Taipei tunnel to enforce point-to-point speed measurement - Focus Taiwan

Taipei tunnel to enforce point-to-point speed measurement

Taipei, Aug. 14 (CNA) Point-to-point speed measurement will be enforced in Taipei's Tzu Chiang Tunnel from Sept. 1 and those driving at a speed of more than 60 kilometers per hour in the tunnel could be fined between NT$1,600 (US$51) and NT$24,000, the Taipei City Police Department (TCPD) said Tuesday.

Speed cameras have been installed at both ends of the tunnel connecting Taipei's Shilin and Zhongshan districts to detect speeding offenses, a move that will start in September, said Chen Ming-chih (陳明志), commander of the TCPD's Traffic Police Corps.

The speed limit inside the 900-meter tunnel is 60 kph and people who drive faster than that will be subject to fines of between NT$1,600 and NT$24,000, depending on their speed, the TCPD said, citing the Road Traffic Management and Penalty Act.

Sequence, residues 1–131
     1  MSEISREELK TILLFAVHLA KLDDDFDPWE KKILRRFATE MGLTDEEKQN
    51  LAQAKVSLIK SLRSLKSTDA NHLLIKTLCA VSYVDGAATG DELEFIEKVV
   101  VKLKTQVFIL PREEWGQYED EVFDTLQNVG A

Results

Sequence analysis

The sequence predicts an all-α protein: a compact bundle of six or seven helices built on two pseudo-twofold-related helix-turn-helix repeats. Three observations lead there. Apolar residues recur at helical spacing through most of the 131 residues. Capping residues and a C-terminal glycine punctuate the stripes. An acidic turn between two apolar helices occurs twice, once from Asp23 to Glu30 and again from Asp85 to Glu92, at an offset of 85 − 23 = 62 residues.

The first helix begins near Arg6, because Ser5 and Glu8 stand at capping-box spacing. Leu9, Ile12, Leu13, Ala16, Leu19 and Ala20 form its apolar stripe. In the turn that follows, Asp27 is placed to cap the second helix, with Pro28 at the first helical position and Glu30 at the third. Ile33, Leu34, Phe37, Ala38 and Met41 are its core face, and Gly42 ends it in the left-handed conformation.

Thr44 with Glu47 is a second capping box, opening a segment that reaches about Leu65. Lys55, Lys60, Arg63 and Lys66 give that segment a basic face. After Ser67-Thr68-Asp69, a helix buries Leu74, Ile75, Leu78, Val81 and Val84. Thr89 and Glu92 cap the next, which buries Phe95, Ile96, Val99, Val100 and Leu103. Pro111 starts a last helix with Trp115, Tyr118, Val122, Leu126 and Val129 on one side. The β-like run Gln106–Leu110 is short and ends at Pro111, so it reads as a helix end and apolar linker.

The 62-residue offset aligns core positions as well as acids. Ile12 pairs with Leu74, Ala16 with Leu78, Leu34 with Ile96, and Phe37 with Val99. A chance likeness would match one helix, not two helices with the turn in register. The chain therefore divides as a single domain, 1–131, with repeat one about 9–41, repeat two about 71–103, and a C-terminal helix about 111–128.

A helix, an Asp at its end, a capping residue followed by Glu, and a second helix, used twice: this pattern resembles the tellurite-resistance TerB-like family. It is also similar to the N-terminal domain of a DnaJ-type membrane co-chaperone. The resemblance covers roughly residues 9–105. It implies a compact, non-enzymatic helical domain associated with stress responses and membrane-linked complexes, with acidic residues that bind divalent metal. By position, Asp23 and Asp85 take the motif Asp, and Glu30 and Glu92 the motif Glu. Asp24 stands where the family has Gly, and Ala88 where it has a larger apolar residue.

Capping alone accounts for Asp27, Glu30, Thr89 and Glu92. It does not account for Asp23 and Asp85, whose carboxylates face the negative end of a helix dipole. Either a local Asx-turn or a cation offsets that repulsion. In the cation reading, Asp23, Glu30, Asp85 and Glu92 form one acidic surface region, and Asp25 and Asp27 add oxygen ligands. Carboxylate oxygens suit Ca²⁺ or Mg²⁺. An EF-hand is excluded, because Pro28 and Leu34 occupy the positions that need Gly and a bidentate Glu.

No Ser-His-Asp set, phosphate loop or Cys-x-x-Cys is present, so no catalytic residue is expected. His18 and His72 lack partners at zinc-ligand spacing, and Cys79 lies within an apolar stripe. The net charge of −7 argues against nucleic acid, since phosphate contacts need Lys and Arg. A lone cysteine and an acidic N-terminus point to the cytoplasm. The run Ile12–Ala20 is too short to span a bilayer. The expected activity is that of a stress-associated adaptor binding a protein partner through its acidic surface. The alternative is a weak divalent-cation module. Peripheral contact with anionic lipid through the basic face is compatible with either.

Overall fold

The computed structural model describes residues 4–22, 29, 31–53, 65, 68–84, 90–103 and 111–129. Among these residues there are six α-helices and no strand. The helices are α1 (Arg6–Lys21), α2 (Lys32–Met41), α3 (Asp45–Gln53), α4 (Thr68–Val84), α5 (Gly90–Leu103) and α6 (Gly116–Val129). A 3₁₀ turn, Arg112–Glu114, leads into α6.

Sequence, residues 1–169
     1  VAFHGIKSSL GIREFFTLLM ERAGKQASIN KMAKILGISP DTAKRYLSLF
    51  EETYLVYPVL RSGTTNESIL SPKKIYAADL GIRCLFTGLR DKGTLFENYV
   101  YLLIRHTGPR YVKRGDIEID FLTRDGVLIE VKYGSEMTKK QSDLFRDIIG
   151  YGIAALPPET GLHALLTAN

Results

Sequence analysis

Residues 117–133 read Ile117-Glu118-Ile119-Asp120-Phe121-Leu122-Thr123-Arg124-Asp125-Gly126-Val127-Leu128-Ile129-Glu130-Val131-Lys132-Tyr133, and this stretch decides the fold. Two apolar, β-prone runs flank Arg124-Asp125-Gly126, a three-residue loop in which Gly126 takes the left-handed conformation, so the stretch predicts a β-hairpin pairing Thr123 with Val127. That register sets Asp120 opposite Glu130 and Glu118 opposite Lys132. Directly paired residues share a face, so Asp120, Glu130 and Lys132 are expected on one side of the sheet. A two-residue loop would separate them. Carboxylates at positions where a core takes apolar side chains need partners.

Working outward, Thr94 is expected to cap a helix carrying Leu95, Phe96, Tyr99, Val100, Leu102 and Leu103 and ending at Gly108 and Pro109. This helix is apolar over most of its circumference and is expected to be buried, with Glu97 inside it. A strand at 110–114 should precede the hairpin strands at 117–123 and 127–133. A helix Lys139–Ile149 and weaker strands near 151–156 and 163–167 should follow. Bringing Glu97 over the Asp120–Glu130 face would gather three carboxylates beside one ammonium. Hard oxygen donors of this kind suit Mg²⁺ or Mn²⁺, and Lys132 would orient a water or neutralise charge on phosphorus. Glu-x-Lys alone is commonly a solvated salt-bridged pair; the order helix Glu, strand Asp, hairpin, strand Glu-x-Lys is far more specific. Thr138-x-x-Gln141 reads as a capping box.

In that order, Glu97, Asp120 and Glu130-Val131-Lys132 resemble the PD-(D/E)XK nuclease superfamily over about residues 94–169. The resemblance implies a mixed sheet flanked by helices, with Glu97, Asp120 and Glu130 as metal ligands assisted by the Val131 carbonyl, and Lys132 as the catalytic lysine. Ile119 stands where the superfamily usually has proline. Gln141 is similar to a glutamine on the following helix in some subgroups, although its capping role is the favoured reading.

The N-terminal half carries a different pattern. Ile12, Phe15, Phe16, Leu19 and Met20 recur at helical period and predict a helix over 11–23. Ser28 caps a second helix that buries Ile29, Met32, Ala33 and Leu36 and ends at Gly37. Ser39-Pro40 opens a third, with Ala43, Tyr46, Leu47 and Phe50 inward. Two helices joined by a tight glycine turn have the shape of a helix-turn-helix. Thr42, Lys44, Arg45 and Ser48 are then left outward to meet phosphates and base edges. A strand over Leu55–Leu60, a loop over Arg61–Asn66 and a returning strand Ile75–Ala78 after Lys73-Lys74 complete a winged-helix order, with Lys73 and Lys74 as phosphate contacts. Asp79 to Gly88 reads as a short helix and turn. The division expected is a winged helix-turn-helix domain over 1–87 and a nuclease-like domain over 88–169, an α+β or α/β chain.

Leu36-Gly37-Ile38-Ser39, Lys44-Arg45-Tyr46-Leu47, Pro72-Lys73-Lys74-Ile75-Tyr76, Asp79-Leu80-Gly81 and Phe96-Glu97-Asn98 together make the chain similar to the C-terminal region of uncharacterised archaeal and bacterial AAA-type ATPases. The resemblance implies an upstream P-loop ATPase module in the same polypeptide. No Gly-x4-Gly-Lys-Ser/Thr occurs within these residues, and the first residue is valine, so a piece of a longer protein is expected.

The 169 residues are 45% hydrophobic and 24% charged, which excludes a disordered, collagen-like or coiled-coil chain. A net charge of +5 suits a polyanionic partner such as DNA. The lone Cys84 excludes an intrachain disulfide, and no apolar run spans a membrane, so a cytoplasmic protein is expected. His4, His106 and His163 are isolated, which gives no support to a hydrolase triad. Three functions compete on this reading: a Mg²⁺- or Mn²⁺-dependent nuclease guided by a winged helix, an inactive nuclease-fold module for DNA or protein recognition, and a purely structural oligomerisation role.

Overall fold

Drivers caught traveling at between 60 kph and 80 kph will be fined NT$1,600, those traveling between 80 kph and 100 kph will be fined NT$1,800, those driving between 100 kph and 120 kph will be fined NT$2,000, those traveling between 120 kph and 140 kph will be fined NT$8,000, those driving between 140 kph and 160 kph will be fined NT$12,000, and those driving faster than 160 kph will be fined NT$24,000, according to the regulations.

The TCPD decided to carry out point-to-point speed measurement for the Tzu Chiang Tunnel in light of a serious traffic accident last year when 24-year-old driver Yu Han-ning (游瀚甯) sped into the tunnel in his Lambhorgini and ploughed into two stationary repair trucks, the head of the Traffic Police Corps said.

That accident led to the deaths of a road worker and Yu's passenger, as well as three severe injuries.

The TCPD is also installing speed cameras for the Xin Hai Tunnel (辛亥隧道), connecting Taipei's Daan and Wenshan districts, and the speed measurement there is expected to start by the end of 2019, Chen said.

(By Chi Jo-yao)


We value your privacy.
Focus Taiwan (CNA) uses tracking technologies to provide better reading experiences, but it also respects readers' privacy. Click here to find out more about Focus Taiwan's privacy policy. When you close this window, it means you agree with this policy.